Perils and limitations of modern-era medical communications

November 2017

EDITORIAL: Perils and limitations of modern-era medical communications

Vol. 29. No. 4
Richard Balon, MD

Wayne State University School of Medicine
Detroit, Michigan, USA

Over the last quarter century, modern technology has brought us new methods of communication—e-mail, texting, and social media, including Facebook, Instagram, and Twitter. The medical community has gradually adopted these methods. They are quick, convenient, and used by almost everybody, which creates an added pressure to use them. Many physicians use these tools for communicating without thinking much about the perils and limitations of these formats in transmitting medical information among medical professionals or between doctor and patient. The quickness and ease of electronic communication is seductive: It allows us to get or send information right now, without any delay, no matter where we or the other party are located. Unfortunately, communication happens frequently without considering what is allowed through these means, the risks of breaching confidentiality, and how to avoid (or, more correctly, to mitigate) risks. Confidentiality also could be violated accidentally, such as using a wrong e-mail address or telephone number. Let’s also not forget that any phone, social media account, or e-mail address could be hacked.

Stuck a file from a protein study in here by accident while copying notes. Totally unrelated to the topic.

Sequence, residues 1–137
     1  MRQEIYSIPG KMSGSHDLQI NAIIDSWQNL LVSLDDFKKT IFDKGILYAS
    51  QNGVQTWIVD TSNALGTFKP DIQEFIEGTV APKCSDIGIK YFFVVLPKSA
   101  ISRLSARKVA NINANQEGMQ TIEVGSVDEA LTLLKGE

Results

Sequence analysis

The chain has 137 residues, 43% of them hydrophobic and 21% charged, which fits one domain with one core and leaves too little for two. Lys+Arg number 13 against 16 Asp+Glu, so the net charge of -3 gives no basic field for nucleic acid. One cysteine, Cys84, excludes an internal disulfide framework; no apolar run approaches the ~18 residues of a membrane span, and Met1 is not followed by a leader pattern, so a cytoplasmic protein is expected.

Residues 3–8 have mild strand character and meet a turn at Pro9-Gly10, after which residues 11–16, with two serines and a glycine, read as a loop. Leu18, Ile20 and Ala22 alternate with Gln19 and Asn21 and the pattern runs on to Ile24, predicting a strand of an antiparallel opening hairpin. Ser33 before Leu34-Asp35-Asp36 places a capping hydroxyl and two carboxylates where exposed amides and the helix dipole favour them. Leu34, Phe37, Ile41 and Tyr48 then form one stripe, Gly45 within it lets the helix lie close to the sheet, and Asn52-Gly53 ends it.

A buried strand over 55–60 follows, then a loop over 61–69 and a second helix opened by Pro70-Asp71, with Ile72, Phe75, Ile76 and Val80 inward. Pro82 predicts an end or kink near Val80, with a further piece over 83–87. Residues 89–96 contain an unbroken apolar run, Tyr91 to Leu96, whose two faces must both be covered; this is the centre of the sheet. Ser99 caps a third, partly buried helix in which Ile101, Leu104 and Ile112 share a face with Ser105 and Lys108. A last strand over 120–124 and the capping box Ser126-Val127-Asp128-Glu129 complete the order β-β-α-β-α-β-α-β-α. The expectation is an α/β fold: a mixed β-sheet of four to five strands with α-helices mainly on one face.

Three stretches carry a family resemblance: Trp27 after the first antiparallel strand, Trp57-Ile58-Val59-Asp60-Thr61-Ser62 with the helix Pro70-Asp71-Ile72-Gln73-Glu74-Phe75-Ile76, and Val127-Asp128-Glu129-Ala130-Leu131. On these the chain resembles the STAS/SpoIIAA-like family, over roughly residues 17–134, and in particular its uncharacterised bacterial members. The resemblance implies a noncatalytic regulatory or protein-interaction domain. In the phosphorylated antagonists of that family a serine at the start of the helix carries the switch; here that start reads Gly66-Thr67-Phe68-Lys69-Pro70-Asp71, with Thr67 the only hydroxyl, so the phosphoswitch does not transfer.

These new ways of communication also may lead to blurring or violating boundaries. A physician may look for information about a patient on the Internet (not a good practice), and a patient may do the same, or social media contacts may lead to “friending” of patients. The latter situation could be especially troublesome: Is the patient a “patient” or a “friend?” Does answering a clinical question via Facebook constitute treatment?1 Patients also may feel as if this communication is intimate and confidential,1 which it is not.

In addition to convenience and quickness, there are other positive aspects of communication with patients via e-mail, texting, or, to a lesser degree, social media. Patients like it, and it saves time, avoids “phone tag,” and may strengthen the therapeutic alliance.<sup>1</sup>

Nevertheless, we are clearly walking in a minefield of possible mishaps, complications, boundary violations, and ultimately violations of the Health Insurance Portability and Accountability Act (HIPAA).

The question is how to prevent complications, and what to do about the risks. There are 2 areas—commu­nication with patients, and communication with col­leagues and other medical professionals—that may call for different approaches, but ultimately we have just 1 relatively acceptable solution: the de-identification of the data communicated. With regard to communication with patients, we can decline to give them our contact infor­mation. It may be relatively easy to refuse to divulge one’s mobile phone number or Facebook contact (and I would strongly advocate for it), but not giving one’s e-mail address is a bit unrealistic because it can easily be found through various means. As far as communication with colleagues or other medical professionals is considered, we probably would not refuse to give out a phone num­ber and e-mail address, but we probably should not share a Facebook contact with everybody.